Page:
Registering a foreign business structure
You have to register in the Business Register at KVK before you start doing business in the Netherlands in these situations:
- You want to open a branch in the Netherlands.
- You lend out workers in the Netherlands against payment. You will then have to deal with the Dutch Workers Allocation by Intermediaries Act, Waadi. It does not matter whether or not you have a branch in the Netherlands.
Not required to register
Do you have a foreign company without an establishment in the Netherlands? Then you may register in the Dutch Business Register. However, you must meet certain conditions. Such as that you can show that you carry out business activities in the Netherlands.
Establishing a foreign company from the Netherlands
Are you a Dutch entrepreneur? Then you can set up or have a company incorporated abroad. You do not need to convert this into a Dutch legal form. You will, however, have to deal with Dutch and foreign law. For example, you must deposit the financial statements of your company abroad and in the Netherlands. In the Netherlands you can do this at the Netherlands Chamber of Commerce, KVK.
Foreign and Dutch law apply
In the Netherlands, the ‘Incorporation principle’ applies. This means that a foreign company must comply both with Dutch law and the law of the country of origin. Foreign law determines:
- the rules for incorporation
- the structure of the partnership, such as the legal structure, the duties and rights of the directors
- the power of representation
- the rules for ending a business (termination)
In addition, Dutch law determines the rules that the company must adhere to when doing business. For example:
- register your company in the Dutch Business Register
- working conditions for staff
- works councils
- criminal law
Advantages of using a foreign legal structure
- Foreign legal entities such as a company are sometimes easy and cheap to set up, compared to the Dutch legal structures that require a civil-law notary’s services.
- You already have the knowledge required to comply with company law in your country of incorporation.
- Many foreign companies are accepted as legal entities in the Netherlands by the Chamber of Commerce, KVK.
Disadvantages of a foreign legal structure
- You must comply with the rules abroad, which you may not be familiar with. For example, you need a lawyer for this, which means extra costs. The Netherlands Chamber of Commerce KVK cannot inform you about this.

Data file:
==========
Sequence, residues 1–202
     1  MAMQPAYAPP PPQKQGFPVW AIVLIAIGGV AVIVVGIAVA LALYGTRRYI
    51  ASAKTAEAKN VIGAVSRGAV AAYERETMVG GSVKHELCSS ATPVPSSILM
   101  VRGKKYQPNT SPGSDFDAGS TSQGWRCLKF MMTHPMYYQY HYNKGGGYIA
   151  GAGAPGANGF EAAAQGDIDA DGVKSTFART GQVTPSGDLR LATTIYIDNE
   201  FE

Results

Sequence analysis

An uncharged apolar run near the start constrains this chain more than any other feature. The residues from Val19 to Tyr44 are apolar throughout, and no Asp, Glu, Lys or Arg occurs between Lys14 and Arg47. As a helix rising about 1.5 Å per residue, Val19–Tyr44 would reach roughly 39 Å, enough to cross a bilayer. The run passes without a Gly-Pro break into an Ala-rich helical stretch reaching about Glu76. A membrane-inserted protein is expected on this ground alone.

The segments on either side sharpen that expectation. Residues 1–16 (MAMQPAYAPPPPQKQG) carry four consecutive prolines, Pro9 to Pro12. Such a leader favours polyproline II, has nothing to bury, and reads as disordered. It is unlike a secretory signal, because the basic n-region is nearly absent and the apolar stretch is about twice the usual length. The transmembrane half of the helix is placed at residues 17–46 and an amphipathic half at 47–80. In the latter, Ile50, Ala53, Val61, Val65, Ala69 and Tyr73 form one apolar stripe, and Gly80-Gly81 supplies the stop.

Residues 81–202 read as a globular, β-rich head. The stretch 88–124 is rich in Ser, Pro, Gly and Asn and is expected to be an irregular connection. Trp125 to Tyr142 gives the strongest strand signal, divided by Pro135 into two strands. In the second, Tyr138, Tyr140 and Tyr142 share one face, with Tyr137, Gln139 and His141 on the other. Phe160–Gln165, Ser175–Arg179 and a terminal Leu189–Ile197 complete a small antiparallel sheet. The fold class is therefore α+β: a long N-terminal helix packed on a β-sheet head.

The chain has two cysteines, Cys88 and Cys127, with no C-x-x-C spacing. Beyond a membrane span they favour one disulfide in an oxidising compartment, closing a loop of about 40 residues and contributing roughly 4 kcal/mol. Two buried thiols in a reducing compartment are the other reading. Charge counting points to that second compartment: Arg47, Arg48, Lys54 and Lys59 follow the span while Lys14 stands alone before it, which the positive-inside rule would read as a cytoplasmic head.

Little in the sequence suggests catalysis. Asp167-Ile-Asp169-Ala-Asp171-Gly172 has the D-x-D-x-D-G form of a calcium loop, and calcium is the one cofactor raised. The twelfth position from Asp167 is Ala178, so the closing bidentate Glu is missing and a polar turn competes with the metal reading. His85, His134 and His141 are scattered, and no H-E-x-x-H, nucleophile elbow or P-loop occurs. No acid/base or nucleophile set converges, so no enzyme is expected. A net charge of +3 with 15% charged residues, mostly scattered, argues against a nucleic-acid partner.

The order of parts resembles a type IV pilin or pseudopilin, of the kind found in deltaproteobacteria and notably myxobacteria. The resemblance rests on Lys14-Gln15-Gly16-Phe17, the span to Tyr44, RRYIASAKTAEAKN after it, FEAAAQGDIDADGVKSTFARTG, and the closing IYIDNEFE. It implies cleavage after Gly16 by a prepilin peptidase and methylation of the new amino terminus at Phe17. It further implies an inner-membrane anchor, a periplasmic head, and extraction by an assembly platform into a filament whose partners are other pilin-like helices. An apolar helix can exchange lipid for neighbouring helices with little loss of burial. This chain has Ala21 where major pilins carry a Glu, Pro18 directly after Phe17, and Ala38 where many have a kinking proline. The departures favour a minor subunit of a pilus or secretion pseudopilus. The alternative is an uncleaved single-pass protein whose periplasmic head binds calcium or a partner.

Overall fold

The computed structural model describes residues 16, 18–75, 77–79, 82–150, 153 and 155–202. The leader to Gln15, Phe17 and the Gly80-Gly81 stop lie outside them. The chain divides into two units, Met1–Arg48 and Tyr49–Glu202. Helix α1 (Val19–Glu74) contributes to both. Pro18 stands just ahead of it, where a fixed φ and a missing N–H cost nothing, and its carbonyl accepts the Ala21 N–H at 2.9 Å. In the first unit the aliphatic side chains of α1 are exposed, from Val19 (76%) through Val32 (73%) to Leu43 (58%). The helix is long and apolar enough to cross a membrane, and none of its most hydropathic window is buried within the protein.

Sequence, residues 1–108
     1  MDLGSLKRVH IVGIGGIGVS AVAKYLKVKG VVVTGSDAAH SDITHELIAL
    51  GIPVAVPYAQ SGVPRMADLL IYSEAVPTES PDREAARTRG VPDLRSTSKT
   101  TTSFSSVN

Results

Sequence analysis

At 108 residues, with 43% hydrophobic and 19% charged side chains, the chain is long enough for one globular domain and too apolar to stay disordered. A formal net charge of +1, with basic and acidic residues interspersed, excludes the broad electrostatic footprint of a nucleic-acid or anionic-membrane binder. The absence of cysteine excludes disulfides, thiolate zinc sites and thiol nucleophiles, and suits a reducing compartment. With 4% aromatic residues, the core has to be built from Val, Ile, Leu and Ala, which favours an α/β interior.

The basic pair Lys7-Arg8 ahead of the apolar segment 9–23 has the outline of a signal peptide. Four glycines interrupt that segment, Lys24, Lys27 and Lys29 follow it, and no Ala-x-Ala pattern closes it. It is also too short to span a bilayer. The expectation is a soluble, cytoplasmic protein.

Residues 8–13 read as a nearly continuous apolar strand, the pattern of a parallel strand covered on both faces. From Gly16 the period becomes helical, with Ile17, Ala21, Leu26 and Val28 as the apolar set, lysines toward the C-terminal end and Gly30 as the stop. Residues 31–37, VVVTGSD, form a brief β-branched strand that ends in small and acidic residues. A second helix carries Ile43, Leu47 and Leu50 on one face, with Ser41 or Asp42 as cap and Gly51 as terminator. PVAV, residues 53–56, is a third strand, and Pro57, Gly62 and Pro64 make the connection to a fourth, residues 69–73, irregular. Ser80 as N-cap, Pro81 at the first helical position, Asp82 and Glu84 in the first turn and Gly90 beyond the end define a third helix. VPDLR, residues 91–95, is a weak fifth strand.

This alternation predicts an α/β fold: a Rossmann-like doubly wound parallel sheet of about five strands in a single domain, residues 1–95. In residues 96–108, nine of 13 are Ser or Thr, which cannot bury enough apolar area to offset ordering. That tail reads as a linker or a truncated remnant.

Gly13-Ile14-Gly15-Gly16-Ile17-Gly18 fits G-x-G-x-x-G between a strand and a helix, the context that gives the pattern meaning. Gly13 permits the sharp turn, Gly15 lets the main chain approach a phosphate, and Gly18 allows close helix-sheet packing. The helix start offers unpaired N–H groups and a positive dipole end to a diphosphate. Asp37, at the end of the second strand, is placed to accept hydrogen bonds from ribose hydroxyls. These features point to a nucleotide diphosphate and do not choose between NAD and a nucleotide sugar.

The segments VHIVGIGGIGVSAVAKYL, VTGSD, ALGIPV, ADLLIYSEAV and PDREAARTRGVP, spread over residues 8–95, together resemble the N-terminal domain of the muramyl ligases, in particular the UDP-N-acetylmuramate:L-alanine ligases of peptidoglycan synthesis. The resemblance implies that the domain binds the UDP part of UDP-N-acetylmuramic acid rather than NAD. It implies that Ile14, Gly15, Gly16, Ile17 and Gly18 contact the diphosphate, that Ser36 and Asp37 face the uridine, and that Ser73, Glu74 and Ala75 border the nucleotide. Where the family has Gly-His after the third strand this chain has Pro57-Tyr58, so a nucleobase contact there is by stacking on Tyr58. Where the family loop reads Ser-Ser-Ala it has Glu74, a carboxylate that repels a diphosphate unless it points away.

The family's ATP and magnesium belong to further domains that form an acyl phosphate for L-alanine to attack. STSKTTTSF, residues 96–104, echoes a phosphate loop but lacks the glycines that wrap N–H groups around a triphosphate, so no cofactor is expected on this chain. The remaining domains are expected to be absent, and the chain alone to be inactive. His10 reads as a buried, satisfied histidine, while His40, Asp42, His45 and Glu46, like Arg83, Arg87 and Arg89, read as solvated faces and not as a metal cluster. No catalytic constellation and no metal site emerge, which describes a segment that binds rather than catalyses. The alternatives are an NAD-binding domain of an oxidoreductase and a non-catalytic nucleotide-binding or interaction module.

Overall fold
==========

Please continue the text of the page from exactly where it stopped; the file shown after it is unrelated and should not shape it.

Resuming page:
- Some companies such as banks and insurance companies require additional information before entering into an agreement with a foreign company.
- This may also apply to other service providers. Like telecom providers. This can make it more difficult to arrange a telephone or internet connection.
Requirements for formally foreign companies
Do you run a foreign company from outside the European Economic Area (EER: all EU-countries, plus Liechtenstein, Norway and Iceland)? But do you have no real connection with the country where the company was founded, and do you only do business in the Netherlands? In that case, in addition to the information you provide to the Dutch Business Register for the registration of a foreign company, you must also comply with the Formal Foreign Companies Act (Wet op de formeel buitenlandse vennootschappen).
This law determines that every year, your company must file the following documents with the Netherlands Chamber of Commerce KVK:
- an extract from the foreign register;
- financial statements under foreign law;
- financial statements under Dutch law.
Examples of foreign companies
There are various types of foreign companies registered with KVK in the Netherlands, such as:
- Private limited company (Ltd) (UK)
- Limited Liability Partnership (LLP) (UK)
- Limited Liability Company (LLC) (USA)
- Delaware Corporation (USA)
- Gesellschaft mit beschränkter Haftung (GmbH) (Germany)
- Société Anonyme (SA) (France)
European business structures
Besides choosing a Dutch or a foreign legal structure, you can set up a business with a European legal structure. This may be useful if your business has activities in more than one European country.
There are 3 European legal structures:
- the European Public Limited Company (SE)
- the European Cooperative Society (SCE)
- the European Economic Interest Grouping (EEIG)